Bourne, William (d.1583) (DNB00)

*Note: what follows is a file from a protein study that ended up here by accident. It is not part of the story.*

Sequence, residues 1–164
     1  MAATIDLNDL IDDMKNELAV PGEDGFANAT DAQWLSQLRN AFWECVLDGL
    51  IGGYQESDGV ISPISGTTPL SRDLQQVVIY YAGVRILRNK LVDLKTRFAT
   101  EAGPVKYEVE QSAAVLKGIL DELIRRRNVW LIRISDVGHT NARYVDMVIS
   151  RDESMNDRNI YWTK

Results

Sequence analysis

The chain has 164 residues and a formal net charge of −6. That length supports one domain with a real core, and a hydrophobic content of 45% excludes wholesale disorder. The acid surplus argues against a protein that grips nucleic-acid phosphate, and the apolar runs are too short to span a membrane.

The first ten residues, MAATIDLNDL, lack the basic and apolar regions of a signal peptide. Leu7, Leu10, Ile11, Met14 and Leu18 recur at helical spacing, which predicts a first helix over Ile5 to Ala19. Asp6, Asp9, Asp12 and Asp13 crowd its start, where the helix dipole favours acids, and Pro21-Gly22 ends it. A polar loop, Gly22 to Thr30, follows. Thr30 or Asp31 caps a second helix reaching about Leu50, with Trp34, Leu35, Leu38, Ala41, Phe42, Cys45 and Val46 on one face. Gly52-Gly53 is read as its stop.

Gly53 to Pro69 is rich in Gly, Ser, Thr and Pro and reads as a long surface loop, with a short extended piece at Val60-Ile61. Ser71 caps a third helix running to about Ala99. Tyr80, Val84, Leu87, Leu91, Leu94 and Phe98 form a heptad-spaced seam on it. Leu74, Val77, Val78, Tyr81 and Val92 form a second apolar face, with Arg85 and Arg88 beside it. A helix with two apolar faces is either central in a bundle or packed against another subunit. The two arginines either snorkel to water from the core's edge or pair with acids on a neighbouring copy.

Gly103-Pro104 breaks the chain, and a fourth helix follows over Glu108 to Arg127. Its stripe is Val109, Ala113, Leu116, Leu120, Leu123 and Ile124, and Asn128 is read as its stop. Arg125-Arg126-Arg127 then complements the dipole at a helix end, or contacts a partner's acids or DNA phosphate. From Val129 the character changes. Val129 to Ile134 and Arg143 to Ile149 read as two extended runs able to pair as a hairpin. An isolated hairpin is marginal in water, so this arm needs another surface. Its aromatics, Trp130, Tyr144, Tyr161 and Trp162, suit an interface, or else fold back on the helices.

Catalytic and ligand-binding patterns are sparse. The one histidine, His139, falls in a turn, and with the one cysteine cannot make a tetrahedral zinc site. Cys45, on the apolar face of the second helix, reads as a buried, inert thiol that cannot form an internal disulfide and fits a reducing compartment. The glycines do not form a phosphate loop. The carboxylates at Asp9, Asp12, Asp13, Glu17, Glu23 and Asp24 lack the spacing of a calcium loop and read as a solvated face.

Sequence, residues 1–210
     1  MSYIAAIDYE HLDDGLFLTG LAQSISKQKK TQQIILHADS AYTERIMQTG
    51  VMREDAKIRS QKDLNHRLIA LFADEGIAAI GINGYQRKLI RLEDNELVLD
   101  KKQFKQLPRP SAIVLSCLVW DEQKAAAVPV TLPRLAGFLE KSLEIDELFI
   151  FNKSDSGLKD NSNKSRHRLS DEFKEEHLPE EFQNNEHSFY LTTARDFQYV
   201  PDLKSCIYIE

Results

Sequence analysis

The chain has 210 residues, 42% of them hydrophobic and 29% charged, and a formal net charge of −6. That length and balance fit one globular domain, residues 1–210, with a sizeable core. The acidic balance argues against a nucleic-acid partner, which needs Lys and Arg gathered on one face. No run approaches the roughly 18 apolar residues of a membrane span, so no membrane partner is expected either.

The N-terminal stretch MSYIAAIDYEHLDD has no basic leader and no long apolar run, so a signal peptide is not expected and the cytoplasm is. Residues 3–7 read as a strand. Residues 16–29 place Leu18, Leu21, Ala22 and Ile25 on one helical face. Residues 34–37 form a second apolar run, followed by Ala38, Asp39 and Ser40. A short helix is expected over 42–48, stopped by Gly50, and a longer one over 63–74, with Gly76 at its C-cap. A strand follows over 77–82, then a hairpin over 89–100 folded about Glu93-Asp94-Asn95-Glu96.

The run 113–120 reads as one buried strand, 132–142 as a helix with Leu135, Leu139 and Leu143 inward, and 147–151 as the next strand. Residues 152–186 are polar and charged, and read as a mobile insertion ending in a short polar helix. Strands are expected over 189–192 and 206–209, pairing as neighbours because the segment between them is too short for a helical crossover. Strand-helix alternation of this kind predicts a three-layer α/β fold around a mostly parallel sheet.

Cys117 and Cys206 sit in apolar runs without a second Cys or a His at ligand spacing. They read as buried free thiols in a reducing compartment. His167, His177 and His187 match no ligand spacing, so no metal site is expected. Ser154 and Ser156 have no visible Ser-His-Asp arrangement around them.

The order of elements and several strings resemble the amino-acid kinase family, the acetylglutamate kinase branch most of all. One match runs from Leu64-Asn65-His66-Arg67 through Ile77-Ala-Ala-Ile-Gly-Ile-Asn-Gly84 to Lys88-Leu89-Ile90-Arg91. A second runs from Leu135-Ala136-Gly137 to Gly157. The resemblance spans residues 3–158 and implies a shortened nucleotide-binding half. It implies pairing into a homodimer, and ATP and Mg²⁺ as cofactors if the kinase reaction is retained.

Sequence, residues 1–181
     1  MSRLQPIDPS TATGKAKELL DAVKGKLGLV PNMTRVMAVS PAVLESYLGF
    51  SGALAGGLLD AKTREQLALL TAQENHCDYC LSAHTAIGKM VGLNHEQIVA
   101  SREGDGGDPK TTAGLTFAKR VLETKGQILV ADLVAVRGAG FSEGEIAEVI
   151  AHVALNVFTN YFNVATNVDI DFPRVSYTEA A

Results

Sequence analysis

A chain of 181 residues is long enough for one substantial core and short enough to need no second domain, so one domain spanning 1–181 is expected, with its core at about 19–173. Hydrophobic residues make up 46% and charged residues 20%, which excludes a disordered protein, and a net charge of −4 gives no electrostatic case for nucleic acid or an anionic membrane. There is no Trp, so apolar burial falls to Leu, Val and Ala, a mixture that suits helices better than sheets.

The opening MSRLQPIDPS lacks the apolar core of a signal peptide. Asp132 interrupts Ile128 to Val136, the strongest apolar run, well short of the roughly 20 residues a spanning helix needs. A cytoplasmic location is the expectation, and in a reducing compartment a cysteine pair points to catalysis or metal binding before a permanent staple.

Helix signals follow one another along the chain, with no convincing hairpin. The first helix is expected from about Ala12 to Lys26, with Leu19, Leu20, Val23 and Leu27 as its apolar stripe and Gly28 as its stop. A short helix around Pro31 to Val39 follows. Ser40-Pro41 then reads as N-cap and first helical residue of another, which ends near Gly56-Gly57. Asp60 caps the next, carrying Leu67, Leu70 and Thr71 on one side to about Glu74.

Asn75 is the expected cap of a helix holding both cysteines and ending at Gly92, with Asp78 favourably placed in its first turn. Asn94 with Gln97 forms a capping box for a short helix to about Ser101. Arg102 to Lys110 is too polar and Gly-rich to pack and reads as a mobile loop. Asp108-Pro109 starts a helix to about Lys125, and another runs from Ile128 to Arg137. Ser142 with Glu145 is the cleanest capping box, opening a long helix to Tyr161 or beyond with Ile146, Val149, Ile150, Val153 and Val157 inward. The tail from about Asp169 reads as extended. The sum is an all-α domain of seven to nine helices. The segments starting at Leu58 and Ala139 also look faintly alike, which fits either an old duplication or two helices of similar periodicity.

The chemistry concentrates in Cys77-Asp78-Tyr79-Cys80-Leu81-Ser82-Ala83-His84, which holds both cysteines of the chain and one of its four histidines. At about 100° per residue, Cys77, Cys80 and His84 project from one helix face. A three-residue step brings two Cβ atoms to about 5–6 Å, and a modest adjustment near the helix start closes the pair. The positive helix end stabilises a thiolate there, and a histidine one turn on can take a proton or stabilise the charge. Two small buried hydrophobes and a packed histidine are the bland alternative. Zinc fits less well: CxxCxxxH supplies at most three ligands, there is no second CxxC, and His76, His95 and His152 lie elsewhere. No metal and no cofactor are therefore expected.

BOURNE or BOURN, WILLIAM (d. 1583), mathematician, was the son of William Bourne of Gravesend, who died 1560. The earliest mention of the mathematician is in the first charter of incorporation of Gravesend, granted 22 July 1562, where he appears on the list of jurats of the town. His name is also repeated in the same capacity in the second charter, granted 5 June 1568. It is worthy of remark that the only records of the measures taken for the regulation of the traders of the town under the authority of the second charter are in the handwriting of Bourne. In one of the presentments of a jury, touching the office of clerk of the market, drawn up by him in a tabular form, 15 March 1571, he records his own name as Mr. Bourne, portreve, one of fourteen of the 'Innholders and Tiplers that were amerced for selling Beer and Ale in Pots of Stone and Cans not being quarts full measure' (Cruden, p. 208). The fine inflicted upon Bourne was 'vid .' This serves to show that, according to the practice of the period, he engaged in business as an inn-keeper. In 'A note of all the inhabitants, reseant [i.e. resident] and dwelling in the parishes of Gravesend and Milton the 20th Sept. 1572-3,' his name appears once more as one of the jurats, and as having paid for his freedom of the Mercers' Company (Cruden, 197). In the dedication of his 'Treasure for Travellers' to Sir William Winter, he writes : 'I have most largely tasted of your benevolence towards me being as a poore gunner serving under your worthiness.' In book iii. cap. 9 of the same work he describes himself as being 'neither Naupeger or Ship-carpenter, neither usuall Seaman.' From these passages it is clear that 'he was not a seaman by profession ; as the offices of his patron were of a general nature, not to be discharged at sea, it may be that Bourne served under him on shore, perhaps as one of the gunners of Gravesend bulwark, which he has delineated and referred to in more than one of his works. These, from internal evidence, appear to have been written at Gravesend, his native town. He wrote : 1. 'An Almanacke and prognostication for iii yeres, with serten Rules of navigation,' 1567 (Arber, i. 336). 2. 'An Almanacke and prognostication for iii years . . . now newly added vnto my late rules of navigation that was printed iiii years past. Practised at Gravesend, for the meridian of London by William Bourne, student of the mathematical sciences,' T. Purfoot, imp. 1571 (Ames, 996). 3. 'An Almanacke for ten yeares beginning at the yeare 1581, with certaine necessarie Rules,' R. Watkins with J. Roberts, imp. 1580 (Ames, 1025). 4. ' A Regiment of the Sea : conteyning . . . Rules, Mathematical experiences, and perfect Knowledge of Navigation for all Coastes and Countreys : most needfull and necessarie for all Seafaring Men and Travellers, as Pilots, Mariners, Merchants, &c.,' T. Dawson and T. Gardyner for Iohn Wight, imp. [1573]. It is dedicated to the Earl of Lincoln, lord high admiral, whose arms are given in his flag flying at the maintop of a large ship-of-war on the title-page. This work, by which Bourne is best known, passed through several editions, viz., 1580, posthumous 1584, 1587, 1592 (corrected by T. Hood), 1596, and 1643. 5. 'A booke called the Treasure for Travellers, divided into five Bookes or partes, conteynyng very necessary matters, for all sortes of Travailers, eyther by Sea or Lande,' Thomas Woodcocke, imp. 1578. It is dedicated to 'Syr William Winter, knight, Maister of the Queenes Maiesties Ordinaunce by Sea, Survaior of her highnesse marine causes,' whose arms and crest are given on verso of the title-page. 6. Another edition, under the title of 'A Mate for Mariners,' 1641 (Cruden, p. 209). 7. 'The Arte of Shooting in great Ordnance, conteyning very necessary matters for all sortes of Servitoures, eyther by Sea or by Lande,' Thos. Woodcocke, imp. 1587. It is dedicated to 'Lord Ambrose Dudley, Earle of Warwick . . . Generall of the Queen's Maiesties Ordnance within her highnesse Realme and Dominions.' Other editions, 1596 (Cruden) and 1643. That 1587 is not the date of its composition is certain, as the license for printing was granted to H. Bynnemann 22 July 1578 (Ames, 992 ; Arber, 2, 150) ; moreover it is referred to in Bourne's next work : 8. 'Inventions or Devises ; Very necessary for all Generalles and Captaines, or Leaders of men, as wel by Sea as by Land,' Thos. Woodcocke, imp. 1578. This is dedicated to 'Lorde Charles Howard of Effingham.' Some of these devises are of peculiar interest, as they anticipated by more than eighty years the 'Century of Inventions' by the Marquis of Worcester. No. 21 is supposed to be the earliest mention in our language of a ship's log and line, the deviser of which was Humprey Cole, of the Mint in the Tower. No. 75 is a night signal or telegraph, afterwards used by Captain John Smith, and for which he obtained such renown. No. 110 seems to be a curious anticipation of the telescope, apparently borrowed from the Pantometria by Digges (1571), while some have been brought forward as new discoveries at Gravesend within the present century.